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Analysis: Protests over fuel price hike continue but unlikely to be effective

Jakarta Post - September 19, 2022

Tenggara Strategics, Jakarta - September has been marked by massive waves of street rallies, protesting against the government's decision to increase subsidized fuel prices. With the Labor Party making a name for itself by spearheading the demonstrations, the protests are likely to carry on, but unlikely to force the government to bow down to their demands.

In response, President Joko "Jokowi" Widodo said the public was welcome to express their views because Indonesia is a democratic country. While it is true that the right to protest is an essential part of a democracy, more often than not, it has made little, if any, impact on government decisions and policies.

Although fuel prices have been hiked by about 30 percent, the first such increase since 2014 and something that Jokowi's predecessors avoided, political analysts say that the President is well placed to absorb the shocks of the protests. This is due to his relatively high approval rating well into his second term as well as a broad coalition at his beck and call.

Security authorities allowed the protests to take place across the country as long as they adhere to the regulations and do not turn ugly. Confederation of Indonesian Trade Unions (KSPI) president Said Iqbal stated that the protests would be focused around the House of Representatives in Central Jakarta, while rallies also happened in Bandung, West Java; Semarang, Central Java; Surabaya, East Java; Yogyakarta; Banda Aceh, Special Region of Aceh; Medan, North Sumatra; Batam, Riau Islands; Padang, West Sumatra; Pekanbaru, Riau; Bengkulu; Lampung; Banjarmasin, South Kalimantan; Samarinda, East Kalimantan; and Pontianak, West Kalimantan.

With the protests dragging on, there are concerns that the fuel price hike is being politicized by the only two opposition parties, namely the Prosperous Justice Party (PKS) and the Democratic Party. Garuda Party spokesman Teddy Gusnaidi, for one, has called out political parties for trying to win the public's hearts by siding with those against the government policy, especially as the 2024 elections are drawing closer.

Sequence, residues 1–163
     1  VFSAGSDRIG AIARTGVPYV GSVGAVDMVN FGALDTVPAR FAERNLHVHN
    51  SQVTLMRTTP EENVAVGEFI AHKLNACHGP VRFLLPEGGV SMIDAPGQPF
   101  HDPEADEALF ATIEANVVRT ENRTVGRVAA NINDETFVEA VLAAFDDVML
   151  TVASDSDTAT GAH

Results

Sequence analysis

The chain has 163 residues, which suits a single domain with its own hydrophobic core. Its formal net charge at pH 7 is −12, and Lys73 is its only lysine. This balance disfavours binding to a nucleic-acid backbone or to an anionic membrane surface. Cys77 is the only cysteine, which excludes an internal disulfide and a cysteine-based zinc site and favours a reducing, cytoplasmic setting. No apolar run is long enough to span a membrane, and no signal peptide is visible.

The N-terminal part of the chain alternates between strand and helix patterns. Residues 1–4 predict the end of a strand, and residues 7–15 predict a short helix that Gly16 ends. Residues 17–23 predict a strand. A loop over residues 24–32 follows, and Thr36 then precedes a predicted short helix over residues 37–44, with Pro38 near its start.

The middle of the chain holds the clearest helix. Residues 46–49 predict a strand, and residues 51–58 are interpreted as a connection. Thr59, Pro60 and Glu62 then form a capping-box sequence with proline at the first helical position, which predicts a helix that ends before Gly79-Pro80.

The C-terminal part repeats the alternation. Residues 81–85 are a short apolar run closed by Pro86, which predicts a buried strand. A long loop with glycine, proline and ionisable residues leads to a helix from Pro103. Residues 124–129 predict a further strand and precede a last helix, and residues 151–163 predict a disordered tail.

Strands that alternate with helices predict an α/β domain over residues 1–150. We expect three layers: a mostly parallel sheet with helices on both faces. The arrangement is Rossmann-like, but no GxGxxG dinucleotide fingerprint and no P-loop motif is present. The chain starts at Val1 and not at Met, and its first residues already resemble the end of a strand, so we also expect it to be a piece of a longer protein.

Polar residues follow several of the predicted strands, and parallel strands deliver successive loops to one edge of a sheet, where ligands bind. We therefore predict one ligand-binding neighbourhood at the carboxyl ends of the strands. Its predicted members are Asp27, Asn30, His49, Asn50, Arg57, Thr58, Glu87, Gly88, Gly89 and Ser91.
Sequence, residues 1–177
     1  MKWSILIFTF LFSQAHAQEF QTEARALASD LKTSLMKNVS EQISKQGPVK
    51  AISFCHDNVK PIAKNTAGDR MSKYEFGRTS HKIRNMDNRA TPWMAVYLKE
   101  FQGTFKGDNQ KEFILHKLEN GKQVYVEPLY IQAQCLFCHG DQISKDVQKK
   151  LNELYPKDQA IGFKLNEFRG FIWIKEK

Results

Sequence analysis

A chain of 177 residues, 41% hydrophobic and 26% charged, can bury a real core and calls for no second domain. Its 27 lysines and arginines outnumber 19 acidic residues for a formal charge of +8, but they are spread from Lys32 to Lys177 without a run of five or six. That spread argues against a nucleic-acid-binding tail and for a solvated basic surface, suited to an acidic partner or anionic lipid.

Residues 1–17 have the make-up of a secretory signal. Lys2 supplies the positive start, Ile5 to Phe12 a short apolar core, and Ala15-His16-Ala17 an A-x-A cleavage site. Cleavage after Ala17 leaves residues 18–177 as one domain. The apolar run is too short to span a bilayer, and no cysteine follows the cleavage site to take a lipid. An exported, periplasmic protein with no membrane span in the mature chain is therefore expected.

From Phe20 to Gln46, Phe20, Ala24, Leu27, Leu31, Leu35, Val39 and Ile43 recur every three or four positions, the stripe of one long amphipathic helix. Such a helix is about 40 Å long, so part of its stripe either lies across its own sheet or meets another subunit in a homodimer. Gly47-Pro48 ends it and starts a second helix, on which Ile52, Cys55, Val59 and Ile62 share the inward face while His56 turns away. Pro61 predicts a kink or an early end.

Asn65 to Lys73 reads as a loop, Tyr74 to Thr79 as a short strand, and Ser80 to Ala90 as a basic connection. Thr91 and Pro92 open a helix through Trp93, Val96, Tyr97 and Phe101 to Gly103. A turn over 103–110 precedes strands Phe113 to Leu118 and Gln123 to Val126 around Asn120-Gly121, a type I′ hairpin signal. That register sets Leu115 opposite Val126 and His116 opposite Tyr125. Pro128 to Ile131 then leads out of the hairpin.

Because the KSPI is also leading protests across the country, it is also possible that the Labor Party, which is also chaired by Said Iqbal, is taking this as an opportunity to gain relevance. Last August, the party just registered with the General Elections Commission (KPU) to take part in the general elections in 2024.

What's more

Observers differ in opinion regarding the political consequences of the protests.

Indo Strategic executive director Akhmad Khoirul Umam says the fuel price hikes will directly impact national politics. According to him, public satisfaction with the government – and, by extension, the political parties in the government coalition – can decline. Umam explained that the protests would disrupt business stability for businesses and workers and that, to an extent, could also affect the electability of parties supporting the government.

But Center for Strategic and International Studies (CSIS) politics and social change head Arya Fernandes disagreed. According to him, the backlash will barely be effective considering that the rejection comes from the opposition parties. Moreover, Jokowi's administration has had ample experience in navigating reactions toward unpopular policies, as was seen with the revision of the KPK Law and the Omnibus Law on job creation.

Separately, main expert staff to the Presidential Staff Office (KSP) deputy IV Joanes Joko claimed that President Jokowi has acknowledged the public's opinions conveyed through the rallies and said social cushions have also been prepared to accompany the policy.

What we've heard

Two executives of a labor union said that the police invited their organization to listen to an explanation about the government's reasons for increasing the fuel prices. During the meeting, the police also conveyed that the government will provide compensation. "During the meeting, they asked us not to take to the streets, but we will continue to hold protests," said the source.

Other than lobbying labor unions, the police also approached groups of the Student Executive Board (BEM). For one, a police representative visited the University of Indonesia BEM last week. The students were invited to the Jakarta Police headquarters to hear the police's explanation of the increase in fuel prices. A similar invitation was also extended to Trisakti University BEM. However, the two BEM administrators decided not to attend the meeting.

The police also met with several school principals and education agency officials. In Tangerang, for example, the police communicated with school principals to anticipate students taking part in protests. The police asked schools to discourage their students from participating in the rallies. "They asked us to monitor and discourage the children from taking part in protests alongside workers and university students," said a source.

Source: https://www.thejakartapost.com/opinion/2022/09/19/analysis-protests-over-fuel-price-hike-continue-but-unlikely-to-be-effective.htm